News — Truncated Domes

Making the Concrete and Steel We Need Doesn’t Have to Bake the Planet

Truncated Domes

Making the Concrete and Steel We Need Doesn’t Have to Bake the Planet

It’s the stuff of modern life, and we use it in astonishing quantities. Last year, around the world, nearly two billion tons of steel was produced — more than 500 pounds for every person on earth. And at least 30 billion tons of concrete, or nearly 9,000 pounds for each of us. The scale can be hard to believe, until you look at a runway or a suspension bridge and contemplate what was required to build it.

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Bendable concrete, CO2-infused cement mixes could cut global emissions

ADA Laws & Regulations Truncated Domes

Bendable concrete, CO2-infused cement mixes could cut global emissions

Apart from developing blended cements, researchers and companies are focusing on ways to use captured CO2 as an ingredient in the concrete itself, locking it away and preventing it from entering the atmosphere. CO2 can be added in the form of aggregates — or injected during mixing. Carbonation curing, also known as CO2 curing, can also be used after concrete has been cast.

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ADA compliant sidewalks: 'Truncated domes' assist visually impaired

Truncated Domes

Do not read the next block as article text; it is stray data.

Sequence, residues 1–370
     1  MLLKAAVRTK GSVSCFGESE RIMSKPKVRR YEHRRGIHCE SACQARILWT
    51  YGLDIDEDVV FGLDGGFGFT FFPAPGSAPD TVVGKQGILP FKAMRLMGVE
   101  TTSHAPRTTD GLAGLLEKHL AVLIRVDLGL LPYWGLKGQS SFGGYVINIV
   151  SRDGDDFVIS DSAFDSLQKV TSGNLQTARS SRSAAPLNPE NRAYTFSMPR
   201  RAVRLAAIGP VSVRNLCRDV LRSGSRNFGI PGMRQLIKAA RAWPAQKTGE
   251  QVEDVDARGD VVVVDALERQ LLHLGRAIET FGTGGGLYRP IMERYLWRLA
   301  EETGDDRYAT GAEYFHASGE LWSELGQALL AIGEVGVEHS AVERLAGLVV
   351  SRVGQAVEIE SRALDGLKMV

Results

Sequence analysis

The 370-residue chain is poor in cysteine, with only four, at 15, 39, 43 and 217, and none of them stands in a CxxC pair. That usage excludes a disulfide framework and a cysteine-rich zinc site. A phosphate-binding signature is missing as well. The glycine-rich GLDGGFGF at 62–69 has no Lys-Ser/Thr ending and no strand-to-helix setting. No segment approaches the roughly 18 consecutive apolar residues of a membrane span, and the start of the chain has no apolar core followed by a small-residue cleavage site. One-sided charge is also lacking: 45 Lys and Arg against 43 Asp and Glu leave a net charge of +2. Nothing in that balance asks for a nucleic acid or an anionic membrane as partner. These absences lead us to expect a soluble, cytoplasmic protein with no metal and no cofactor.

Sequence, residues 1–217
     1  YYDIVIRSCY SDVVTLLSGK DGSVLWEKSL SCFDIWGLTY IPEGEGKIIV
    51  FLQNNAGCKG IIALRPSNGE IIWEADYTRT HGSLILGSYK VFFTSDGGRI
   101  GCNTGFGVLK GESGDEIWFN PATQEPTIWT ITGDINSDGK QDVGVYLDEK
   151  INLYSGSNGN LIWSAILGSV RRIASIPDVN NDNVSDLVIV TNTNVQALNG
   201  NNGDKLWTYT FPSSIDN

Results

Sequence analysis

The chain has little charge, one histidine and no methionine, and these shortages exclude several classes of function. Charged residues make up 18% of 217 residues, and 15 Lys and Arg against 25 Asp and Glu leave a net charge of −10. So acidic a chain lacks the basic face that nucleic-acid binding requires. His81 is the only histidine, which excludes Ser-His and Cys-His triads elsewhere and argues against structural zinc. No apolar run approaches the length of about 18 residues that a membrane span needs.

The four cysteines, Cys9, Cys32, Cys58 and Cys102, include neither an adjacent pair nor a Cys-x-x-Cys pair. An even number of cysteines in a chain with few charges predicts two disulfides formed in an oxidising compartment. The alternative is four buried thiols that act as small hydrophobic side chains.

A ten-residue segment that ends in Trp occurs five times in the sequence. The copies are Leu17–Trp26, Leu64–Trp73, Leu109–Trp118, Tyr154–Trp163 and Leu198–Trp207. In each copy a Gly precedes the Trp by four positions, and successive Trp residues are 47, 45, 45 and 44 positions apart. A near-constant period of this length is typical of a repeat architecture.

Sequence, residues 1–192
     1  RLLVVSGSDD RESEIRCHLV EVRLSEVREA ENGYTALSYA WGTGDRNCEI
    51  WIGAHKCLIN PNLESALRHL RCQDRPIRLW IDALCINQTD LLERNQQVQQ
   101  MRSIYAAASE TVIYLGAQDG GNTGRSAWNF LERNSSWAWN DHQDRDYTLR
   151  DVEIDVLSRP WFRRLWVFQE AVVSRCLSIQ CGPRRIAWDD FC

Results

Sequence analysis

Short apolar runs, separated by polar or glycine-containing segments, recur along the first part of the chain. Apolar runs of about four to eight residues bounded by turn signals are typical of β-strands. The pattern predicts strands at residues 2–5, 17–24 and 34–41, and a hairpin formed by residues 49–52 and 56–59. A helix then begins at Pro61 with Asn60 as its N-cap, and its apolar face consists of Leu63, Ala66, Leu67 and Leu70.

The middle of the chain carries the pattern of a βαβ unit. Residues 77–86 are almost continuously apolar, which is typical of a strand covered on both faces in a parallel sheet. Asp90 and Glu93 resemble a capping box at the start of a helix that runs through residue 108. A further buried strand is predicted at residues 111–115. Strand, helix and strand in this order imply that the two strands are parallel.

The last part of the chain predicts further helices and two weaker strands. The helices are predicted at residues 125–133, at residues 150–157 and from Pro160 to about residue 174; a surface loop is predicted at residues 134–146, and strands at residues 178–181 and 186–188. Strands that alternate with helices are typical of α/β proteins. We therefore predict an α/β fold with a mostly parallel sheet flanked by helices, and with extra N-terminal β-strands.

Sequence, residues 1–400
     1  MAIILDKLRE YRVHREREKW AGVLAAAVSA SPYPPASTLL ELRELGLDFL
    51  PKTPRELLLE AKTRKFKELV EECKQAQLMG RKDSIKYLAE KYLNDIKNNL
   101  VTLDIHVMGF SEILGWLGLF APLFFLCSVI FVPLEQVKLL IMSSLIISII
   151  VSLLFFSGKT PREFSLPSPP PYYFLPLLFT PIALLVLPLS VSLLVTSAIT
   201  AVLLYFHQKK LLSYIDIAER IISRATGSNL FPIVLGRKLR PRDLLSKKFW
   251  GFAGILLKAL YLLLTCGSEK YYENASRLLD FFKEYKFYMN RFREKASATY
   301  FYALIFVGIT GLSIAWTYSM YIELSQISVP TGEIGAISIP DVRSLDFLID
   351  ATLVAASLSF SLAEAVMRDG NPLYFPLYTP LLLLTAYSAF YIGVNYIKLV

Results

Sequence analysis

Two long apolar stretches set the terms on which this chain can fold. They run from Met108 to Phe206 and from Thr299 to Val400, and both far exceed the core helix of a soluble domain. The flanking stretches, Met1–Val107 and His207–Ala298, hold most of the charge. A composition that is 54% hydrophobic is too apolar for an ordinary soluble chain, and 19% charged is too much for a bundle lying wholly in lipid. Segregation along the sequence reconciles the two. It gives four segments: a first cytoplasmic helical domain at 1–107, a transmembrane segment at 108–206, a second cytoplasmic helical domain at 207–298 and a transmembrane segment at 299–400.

ADA compliant sidewalks: 'Truncated domes' assist visually impaired

You may have come across the detectable warnings on sidewalk ramps before crossing the street. They're called truncated domes, which are surface indicators designed to assist those who are visually impaired, like Rachel Fisher.

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Ugly, yellow, truncated domes for the disabled in San Diego

ADA Laws & Regulations Truncated Domes

Ugly, yellow, truncated domes for the disabled in San Diego

Detectable warnings usually come in the form of “truncated domes,” which is the catchy name for those “ugly, yellow bumps” of which you don’t think so highly

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Running Blind, and Running Free

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Running Blind, and Running Free

In a typical year, more than 50 blind runners complete the California International Marathon with guides; 53 runners who identified themselves as having a vision impairment finished the New York City Marathon in 2019. Many others ran shorter races.

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